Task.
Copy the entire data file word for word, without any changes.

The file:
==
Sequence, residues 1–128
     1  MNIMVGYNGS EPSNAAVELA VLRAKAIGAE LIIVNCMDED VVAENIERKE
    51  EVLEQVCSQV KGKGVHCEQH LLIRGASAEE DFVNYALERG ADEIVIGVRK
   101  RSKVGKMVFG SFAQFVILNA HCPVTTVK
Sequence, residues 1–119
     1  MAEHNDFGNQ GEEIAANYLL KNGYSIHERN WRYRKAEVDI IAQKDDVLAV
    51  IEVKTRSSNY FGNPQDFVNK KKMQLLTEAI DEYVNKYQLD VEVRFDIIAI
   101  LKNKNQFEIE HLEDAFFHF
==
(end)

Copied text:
Sequence, residues 1–128
     1  MNIMVGYNGS EPSNAAVELA VLRAKAIGAE LIIVNCMDED VVAENIERKE
    51  EVLEQVCSQV KGKGVHCEQH LLIRGASAEE DFVNYALERG ADEIVIGVRK
   101  RSKVGKMVFG SFAQFVILNA HCPVTTVK
Sequence, residues 1–119
     1  MAEHNDFGNQ GEEIAANYLL KNGYSIHERN WRYRKAEVDI IAQKDDVLAV
    51  IEVKTRSSNY FGNPQDFVNK KKMQLLTEAI DEYVNKYQLD VEVRFDIIAI
   101  LKNKNQFEIE HLEDAFFHF